I like that bit "the jurors cannot estimate at what cost they might be repaired."  It gives me a mental image of a group of men wandering around going "Hmm, that bridge needs a fair bit of work, doesn't it?  Five pounds' worth, do you think, John?"  "Nah, I reckon closer to ten, Will."  "Right you are, John; I'll stick ten down.  What about all those burned chambers, Robert?  How much do you reckon to rebuild them?"  "Bloody hell, they're a right mess!  Haven't a clue, mate, sorry."

Inquisition taken in Lincolnshire, July 1331:

"A house at Est Hanyngefeld, which was called the Nurse's house [domus Nutricis], was so ruinous at the time that the king committed the wardship of the said manors to Roger de Mortuo Mari [Mortimer] that it could not stand longer without being rebuilt, and suddenly fell down in the year 1 Edward III [1327].  Hugh Despenser [the Younger], who held the said manors by commission of King Edward II, caused to be raised a house at West Hanyngefeld for a cattle shed, placing there only the timber of the house, which is not roofed or walled, but it has in no way deteriorated."

Inquisition taken at Scarborough in September 1312 by, among others, the excellently-named Tallifer de Tillio or Tilliolo, constable of the castle:

"From the port of Le Sandyat towards the east there is a staith made on the king's soil towards the sea upon which is a common road for men to walk upon and cross, especially at high tide, over which staith and road hangs a solar of Sir Thomas de la Ryver too low, so that men cannot cross directly, 18 feet long and 3 feet wide.
Other similar solars are described, also a pigsty on the same staith and road; refuse heaps obstructing the harbour; solars and stalls in and over the harbour, and encroachments upon the castle moat and the town wall.  Thomas son of Robert Uttred has a house near the wall 100 feet long, and the king's wall was destroyed by Thomas Uttred the elder for the length of the said house; William Nessigwyke has a similar house 30 feet long, and the king's wall was destroyed by John Codelyng for the length thereof."

Inquisition in Northampton, May 1323:

"The buildings of Northampton Castle need repairs estimated to cost 1097l 6s 8d.  An old tower called 'Faukestour', begun in the time of King Henry the elder, is mentioned."  I assume that means Henry II.

Inquisition on the manor and castle of Oakham, which belonged to Hugh Audley and Margaret de Clare, in April 1340:

"The castle is well walled and within are a hall, four chambers, a chapel, a kitchen, two stables, a grange for hay, a house for a prison, a chamber for the gatekeeper, and a drawbridge with iron chains; within the walls are two acres of land by estimation; within the castle is a garden of the yearly value of 8s and a preserve with a dyke of the yearly value of 3s 4d."

Inq. taken on the castle and manor of Fotheringhay, which belonged to the dowager countess of Pembroke, also in April 1340:

"The castle is well built, walled, and crenellated, and has a stone tower and a moat; there are therein a great hall, two chambers, two chapels, a kitchen and a bakery of stone, a gatehouse with a chamber, underneath which is a drawbridge; within the castle there is another plot within the walls built over with houses and called the manor, where are a grange, a granary, a great stable, a longhouse used as a stable, cowhouse, dairy and larder, a forge, and a house for the outer gate with a chamber above."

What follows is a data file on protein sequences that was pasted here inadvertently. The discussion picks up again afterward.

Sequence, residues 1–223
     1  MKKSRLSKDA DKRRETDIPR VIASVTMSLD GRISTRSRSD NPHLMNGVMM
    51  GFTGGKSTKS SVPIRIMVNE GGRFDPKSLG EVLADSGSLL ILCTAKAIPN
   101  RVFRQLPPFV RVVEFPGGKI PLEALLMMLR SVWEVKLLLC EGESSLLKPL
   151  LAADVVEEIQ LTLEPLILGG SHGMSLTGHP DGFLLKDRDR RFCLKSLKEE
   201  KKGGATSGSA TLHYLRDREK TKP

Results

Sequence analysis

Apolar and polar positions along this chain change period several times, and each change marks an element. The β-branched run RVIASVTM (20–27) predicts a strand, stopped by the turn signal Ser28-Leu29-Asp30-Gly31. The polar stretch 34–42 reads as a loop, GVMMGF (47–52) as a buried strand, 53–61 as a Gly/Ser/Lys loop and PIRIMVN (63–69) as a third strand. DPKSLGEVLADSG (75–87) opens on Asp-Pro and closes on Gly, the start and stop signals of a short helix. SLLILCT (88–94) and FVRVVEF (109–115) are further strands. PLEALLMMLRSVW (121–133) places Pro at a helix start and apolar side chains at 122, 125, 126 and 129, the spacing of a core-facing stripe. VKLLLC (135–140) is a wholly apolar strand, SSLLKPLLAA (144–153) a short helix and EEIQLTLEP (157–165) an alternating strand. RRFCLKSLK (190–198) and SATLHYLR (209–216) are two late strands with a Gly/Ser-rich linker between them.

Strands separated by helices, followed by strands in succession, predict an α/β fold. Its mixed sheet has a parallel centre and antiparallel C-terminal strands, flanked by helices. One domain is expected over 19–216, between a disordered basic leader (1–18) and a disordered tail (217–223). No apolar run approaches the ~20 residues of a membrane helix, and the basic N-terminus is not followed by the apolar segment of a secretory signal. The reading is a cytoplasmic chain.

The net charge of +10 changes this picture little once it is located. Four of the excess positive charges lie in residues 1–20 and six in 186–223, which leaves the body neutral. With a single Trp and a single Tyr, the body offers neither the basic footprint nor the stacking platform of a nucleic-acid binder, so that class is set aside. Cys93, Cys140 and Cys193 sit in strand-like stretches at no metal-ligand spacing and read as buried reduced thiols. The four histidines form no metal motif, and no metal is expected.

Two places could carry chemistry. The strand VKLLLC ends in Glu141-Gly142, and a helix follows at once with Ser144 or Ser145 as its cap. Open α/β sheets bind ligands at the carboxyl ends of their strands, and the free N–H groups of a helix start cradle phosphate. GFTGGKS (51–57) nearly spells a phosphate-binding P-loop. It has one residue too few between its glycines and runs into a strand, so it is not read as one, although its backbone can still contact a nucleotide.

17 February, 2011

Book Review: The Ruling Passion by David Pownall

Published in September 2008 by Herbert Adler Publishing.  Somehow I thought I'd written about the novel on the blog ages ago, and have just realised I didn't!

I was so thrilled when I heard that The Ruling Passion, a novel about Edward II and Piers Gaveston, was coming out.  Featured on BBC Radio Four as a Book At Bedtime, it promises to tell the story of "a passionate and defiant relationship that was to bring England to the brink of civil war" and "a story of infatuation and a relationship pursued to destruction".  Amen to that, I thought; I'm always in the market for a novel about the relationship between Edward and Piers, and there's precious little fiction worth reading about them.  I read two excellent reviews of the novel on Amazon UK calling it "deeply engaging" and "really gripping," and various websites repeated that it's a "superbly crafted historical novel," and so I ordered Ruling Passion with great anticipation, expecting a passionate, compelling story about my favourite couple in history.

Well.  For a novel with the word 'passion' in the title, how utterly disappointing and passionless it proved. A large part of the book, and I do mean a large part, involves Edward II's father King Edward I discussing his son's relationship with Piers with his adviser, William Wild.  Who is always, always referred to either by his full name or as 'the Irishman', which made me grit my teeth with irritation; the first four words of the novel are in fact 'William Wild, the Irishman', and he is referred to as 'the Irishman' four times on the first page alone.  (I had a similar problem with Liz Jensen's novel The Rapture, where one of the main characters is always referred to as 'Frazer Melville' and never, ever as just 'Frazer'.)  In point of fact, Ruling Passion is not really 'about' Edward II and Piers Gaveston at all; the dull and made-up William Wild The Irishman and his wife Valmai are, contrary to what the blurb says, the main characters.  It reminds me of Edith Felber's Queen of Shadows, which claims to be a novel about Isabella of France but is just as much the story of her dull, invented attendant Gwenith.